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Does the First Amendment Apply to Condominiums?

A common question asked by our clients is what can be done to stop unit owners from publishing false, negative, or harassing posts about the condominium association, its directors, members, or agents on internet mediums like Facebook or Nextdoor.  The reality is that unless such posts constitute threats, defamation, or are criminal in nature, a condominium association has little recourse.  Even if the posts due give rise to a cause of action, a court is unlikely to prohibit posts due to first amendment concerns.

For years, community association leaders and lawyers were in agreement that freedom of speech guaranteed in the U.S. Constitution did not apply in a community association context.  The basis for that position was that while the constitution prohibits government at all levels – local, state and federal – from infringing on the first amendment rights of citizens, an HOA or condominium is not a governmental entity, so its rules are not subject to the same strict constitutional tests. However, in recent years there has been a legal trend challenging this long held view.  

Last month, Florida’s Fifth District Court of Appeal (“5th DCA”) weighed in on the issue in Fox v. Hamptons at Metrowest Condominium Association, Inc., Case No. 5D16-1822 (July 21, 2017). In the case, a condominium association sued a unit owner for harassing, threatening and intimidating other condominium residents. During the trial, the parties entered into a settlement agreement, the terms of which were not disclosed.  Thereafter, the association filed a motion to enforce the settlement agreement and for an order holding the unit owner in contempt.  Although the opinion does not specify how the agreement was violated, the trial court did hold Fox in contempt.

Of import though, the trial court went one step further and entered an order prohibiting Fox from posting anything about the association, its owners, officers, directors, or vendors on the internet, regardless of the medium. The court also ordered Fox to remove any existing posts.  Fox appealed.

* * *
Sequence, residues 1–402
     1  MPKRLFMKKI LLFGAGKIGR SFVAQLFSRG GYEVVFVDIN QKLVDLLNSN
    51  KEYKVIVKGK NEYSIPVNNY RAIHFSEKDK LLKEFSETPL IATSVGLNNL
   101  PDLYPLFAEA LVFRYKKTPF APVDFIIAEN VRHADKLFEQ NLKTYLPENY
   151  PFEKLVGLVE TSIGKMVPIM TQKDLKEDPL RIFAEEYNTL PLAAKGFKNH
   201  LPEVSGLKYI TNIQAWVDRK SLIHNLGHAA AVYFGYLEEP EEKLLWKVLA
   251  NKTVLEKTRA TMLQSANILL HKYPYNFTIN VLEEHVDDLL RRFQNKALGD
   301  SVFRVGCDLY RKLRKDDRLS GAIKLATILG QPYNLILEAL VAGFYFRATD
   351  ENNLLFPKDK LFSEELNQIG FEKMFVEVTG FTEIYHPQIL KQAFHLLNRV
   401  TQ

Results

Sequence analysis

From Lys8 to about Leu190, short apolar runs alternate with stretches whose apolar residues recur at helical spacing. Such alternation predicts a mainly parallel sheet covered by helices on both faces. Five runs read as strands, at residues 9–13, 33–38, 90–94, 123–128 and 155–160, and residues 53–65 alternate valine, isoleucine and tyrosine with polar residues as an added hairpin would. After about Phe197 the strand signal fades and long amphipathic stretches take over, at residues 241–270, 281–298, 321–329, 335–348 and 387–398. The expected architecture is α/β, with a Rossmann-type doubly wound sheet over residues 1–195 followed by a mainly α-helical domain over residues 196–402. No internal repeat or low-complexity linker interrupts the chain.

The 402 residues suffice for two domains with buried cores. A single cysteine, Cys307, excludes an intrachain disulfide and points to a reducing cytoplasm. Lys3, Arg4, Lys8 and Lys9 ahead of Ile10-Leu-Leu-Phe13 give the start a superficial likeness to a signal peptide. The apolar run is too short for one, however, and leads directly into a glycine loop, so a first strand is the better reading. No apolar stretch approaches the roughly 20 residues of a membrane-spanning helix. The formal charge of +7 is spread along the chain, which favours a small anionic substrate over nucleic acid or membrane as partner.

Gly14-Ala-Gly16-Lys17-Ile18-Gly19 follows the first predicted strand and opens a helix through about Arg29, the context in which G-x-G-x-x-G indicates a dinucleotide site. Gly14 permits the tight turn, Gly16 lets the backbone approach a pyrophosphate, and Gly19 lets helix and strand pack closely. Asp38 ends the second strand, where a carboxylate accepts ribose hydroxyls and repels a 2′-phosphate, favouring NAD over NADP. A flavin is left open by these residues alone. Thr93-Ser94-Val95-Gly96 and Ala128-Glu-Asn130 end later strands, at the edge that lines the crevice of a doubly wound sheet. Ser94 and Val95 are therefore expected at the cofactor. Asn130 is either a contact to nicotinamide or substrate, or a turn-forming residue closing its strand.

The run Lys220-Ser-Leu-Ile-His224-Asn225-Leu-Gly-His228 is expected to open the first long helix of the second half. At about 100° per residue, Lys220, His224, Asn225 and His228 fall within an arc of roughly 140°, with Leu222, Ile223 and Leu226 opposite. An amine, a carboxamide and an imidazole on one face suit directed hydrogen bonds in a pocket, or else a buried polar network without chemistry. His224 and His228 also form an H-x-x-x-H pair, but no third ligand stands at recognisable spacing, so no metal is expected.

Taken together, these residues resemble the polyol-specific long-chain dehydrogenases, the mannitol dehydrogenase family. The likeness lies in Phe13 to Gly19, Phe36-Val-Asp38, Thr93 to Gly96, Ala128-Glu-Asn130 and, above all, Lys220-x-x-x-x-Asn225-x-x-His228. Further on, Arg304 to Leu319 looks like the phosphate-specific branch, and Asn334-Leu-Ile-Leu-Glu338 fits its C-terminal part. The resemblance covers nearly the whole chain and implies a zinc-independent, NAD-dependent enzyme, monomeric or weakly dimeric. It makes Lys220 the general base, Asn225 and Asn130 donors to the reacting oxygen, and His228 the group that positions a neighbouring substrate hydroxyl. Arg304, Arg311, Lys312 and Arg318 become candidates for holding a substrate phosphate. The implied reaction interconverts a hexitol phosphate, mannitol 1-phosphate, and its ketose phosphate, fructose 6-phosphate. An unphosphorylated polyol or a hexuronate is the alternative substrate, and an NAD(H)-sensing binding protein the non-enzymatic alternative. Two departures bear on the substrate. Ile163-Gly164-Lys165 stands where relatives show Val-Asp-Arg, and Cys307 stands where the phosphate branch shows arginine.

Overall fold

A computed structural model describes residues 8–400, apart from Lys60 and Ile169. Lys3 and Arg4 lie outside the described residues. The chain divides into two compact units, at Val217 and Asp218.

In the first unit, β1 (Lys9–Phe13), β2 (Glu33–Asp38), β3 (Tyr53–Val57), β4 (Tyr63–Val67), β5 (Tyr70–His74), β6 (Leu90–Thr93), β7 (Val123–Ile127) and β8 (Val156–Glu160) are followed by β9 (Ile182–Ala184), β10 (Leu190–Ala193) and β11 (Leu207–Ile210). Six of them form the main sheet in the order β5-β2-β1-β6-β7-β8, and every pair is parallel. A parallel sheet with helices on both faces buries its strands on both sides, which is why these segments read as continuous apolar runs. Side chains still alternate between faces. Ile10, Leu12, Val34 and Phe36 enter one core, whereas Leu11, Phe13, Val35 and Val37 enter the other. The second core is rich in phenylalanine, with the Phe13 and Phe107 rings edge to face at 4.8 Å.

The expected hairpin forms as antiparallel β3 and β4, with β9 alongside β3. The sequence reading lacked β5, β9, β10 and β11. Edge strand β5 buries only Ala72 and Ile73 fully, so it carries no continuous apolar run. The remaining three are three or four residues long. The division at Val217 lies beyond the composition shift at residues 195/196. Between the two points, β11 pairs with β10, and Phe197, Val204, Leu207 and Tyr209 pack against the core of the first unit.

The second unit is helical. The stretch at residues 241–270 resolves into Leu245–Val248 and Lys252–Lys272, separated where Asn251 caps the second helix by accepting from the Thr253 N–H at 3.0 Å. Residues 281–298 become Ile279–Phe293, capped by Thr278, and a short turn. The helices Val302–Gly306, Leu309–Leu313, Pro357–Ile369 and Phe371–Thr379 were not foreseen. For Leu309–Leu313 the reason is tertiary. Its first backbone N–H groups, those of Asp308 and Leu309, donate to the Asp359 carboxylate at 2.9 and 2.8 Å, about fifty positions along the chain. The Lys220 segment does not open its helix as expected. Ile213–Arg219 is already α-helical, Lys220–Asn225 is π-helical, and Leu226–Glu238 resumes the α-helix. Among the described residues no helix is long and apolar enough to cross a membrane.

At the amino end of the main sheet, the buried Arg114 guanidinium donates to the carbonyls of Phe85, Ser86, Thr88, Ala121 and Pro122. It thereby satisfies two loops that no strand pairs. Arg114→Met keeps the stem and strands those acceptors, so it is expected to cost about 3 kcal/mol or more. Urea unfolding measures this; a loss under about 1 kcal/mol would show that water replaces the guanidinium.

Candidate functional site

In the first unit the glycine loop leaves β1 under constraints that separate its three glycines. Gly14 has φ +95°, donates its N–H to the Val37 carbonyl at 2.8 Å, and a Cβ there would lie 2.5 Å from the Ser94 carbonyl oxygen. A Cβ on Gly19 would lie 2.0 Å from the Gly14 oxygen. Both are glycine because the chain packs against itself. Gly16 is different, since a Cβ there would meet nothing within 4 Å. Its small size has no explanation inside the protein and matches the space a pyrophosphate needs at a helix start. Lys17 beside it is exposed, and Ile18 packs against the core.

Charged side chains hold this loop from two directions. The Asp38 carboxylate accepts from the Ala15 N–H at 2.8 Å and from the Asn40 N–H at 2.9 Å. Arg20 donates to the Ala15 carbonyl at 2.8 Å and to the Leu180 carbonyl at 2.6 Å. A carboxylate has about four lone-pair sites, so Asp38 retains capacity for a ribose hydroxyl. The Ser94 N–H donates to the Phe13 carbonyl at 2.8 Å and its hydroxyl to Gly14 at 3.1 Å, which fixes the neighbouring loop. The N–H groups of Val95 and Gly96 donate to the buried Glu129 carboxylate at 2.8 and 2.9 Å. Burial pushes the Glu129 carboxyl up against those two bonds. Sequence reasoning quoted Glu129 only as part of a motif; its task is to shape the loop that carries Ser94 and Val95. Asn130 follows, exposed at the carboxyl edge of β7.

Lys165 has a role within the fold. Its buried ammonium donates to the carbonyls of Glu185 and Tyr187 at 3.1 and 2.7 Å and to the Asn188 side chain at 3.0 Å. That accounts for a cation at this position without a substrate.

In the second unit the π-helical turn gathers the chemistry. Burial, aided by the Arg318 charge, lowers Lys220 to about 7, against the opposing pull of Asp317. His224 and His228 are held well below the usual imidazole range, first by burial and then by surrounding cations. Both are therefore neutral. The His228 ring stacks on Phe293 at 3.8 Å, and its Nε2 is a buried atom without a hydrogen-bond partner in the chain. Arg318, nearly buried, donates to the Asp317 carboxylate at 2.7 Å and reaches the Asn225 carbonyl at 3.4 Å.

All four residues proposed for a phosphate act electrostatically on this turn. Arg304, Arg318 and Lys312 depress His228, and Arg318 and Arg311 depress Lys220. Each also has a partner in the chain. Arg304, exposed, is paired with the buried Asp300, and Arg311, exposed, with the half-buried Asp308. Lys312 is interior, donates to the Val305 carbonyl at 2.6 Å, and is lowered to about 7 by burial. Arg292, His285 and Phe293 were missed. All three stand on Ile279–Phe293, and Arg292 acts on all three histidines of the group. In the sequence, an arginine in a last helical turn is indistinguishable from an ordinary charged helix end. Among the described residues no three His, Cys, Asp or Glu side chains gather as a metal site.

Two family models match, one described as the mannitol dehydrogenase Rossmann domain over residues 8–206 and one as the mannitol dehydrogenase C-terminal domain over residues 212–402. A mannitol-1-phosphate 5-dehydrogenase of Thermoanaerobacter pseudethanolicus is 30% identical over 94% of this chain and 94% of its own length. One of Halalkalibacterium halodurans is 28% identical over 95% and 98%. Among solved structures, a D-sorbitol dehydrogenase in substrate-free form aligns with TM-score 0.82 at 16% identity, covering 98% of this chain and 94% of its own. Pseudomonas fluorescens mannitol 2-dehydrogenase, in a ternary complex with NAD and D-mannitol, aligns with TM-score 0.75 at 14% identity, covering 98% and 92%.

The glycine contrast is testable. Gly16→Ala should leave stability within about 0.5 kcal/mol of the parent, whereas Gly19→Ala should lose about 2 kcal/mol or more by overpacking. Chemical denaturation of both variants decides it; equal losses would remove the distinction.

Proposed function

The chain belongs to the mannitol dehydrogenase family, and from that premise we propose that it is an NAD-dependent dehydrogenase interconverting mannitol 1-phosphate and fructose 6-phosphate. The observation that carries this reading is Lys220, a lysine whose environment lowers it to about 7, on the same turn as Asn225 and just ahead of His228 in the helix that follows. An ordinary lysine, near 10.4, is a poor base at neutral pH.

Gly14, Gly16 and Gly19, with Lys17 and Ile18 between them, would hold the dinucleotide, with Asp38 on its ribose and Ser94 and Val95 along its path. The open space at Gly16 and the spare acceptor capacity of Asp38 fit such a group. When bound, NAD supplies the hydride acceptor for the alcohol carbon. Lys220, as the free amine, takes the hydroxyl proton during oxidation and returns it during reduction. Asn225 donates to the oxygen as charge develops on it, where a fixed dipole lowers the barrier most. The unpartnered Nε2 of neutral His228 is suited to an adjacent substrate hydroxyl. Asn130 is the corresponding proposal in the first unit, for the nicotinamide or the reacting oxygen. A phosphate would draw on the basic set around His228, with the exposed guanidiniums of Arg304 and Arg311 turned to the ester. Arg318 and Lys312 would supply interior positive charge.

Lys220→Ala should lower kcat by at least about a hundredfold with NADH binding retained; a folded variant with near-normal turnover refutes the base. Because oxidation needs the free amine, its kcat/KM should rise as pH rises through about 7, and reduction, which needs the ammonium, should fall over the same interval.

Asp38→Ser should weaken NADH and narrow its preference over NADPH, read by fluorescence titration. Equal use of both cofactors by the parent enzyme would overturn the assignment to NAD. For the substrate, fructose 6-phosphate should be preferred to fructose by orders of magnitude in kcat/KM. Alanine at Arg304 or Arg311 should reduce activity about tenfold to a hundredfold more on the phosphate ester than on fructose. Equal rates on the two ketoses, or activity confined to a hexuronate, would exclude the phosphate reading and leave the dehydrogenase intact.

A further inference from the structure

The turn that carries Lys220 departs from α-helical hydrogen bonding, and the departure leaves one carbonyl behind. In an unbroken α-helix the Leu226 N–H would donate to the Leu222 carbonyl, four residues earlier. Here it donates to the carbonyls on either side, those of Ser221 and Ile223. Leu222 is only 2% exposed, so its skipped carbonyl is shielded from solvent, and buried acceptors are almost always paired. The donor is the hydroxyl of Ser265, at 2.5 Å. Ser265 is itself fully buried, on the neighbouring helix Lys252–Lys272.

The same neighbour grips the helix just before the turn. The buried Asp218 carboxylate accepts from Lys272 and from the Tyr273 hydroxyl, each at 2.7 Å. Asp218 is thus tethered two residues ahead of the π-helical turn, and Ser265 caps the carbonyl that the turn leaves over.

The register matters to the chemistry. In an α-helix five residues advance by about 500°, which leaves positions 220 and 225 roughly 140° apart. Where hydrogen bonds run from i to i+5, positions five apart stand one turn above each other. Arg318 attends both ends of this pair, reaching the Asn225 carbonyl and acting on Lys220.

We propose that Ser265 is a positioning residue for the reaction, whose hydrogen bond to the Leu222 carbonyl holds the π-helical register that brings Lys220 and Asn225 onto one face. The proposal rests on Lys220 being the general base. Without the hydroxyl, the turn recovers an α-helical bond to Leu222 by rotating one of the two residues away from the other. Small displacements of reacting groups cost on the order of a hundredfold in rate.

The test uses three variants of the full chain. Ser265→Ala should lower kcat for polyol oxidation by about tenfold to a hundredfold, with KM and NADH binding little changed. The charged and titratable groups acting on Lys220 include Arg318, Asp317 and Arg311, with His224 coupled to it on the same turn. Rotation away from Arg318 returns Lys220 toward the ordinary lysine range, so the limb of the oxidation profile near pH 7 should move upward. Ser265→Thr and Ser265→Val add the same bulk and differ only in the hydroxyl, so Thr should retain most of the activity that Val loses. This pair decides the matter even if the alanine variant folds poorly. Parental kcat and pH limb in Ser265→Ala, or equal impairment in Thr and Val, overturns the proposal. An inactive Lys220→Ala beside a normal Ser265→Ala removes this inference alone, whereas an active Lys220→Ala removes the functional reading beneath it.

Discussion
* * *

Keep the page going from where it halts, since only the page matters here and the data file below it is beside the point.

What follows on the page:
On appeal, the 5th DCA overturned the trial court’s order as it pertained to the prohibition against postings on the internet. The Court held that a blanket prohibition of Fox’s online speech constitutes an unconstitutional prior restraint on free speech.

The key to the above decision is a finding that a court injunction constitutes “state action,” even if the party seeking the injunction is not a governmental actor.  The decision seems to follow the reasoning in Gerber v. Longboat Harbour North Condominium, Inc., 757 F. Supp. 1339 (M.D. Fla. 1991) where the Court found that court enforcement of covenant prohibiting flags constituted state action, which impermissibly restricted constitutionally protected speech.  Notably, the 5th DCA made no mention of  Murphree v. Tides Cd’m. at Sweetwater, Case No. 3:13-cv-713-J-34MCR (M.D. Fla. 2014), in which a Florida federal court did not find that enforcement of a condominium’s flag restriction amounted to state action.

Florida courts seem to be following a nationwide trend towards finding impermissible state action when community associations seek court enforcement of restrictions on what otherwise be constitutionally protected speech.   It is an issue that is going to be watched closely as there are countless community restrictions that could implicate freedom speech concerns.

Posted in Real Estate Law
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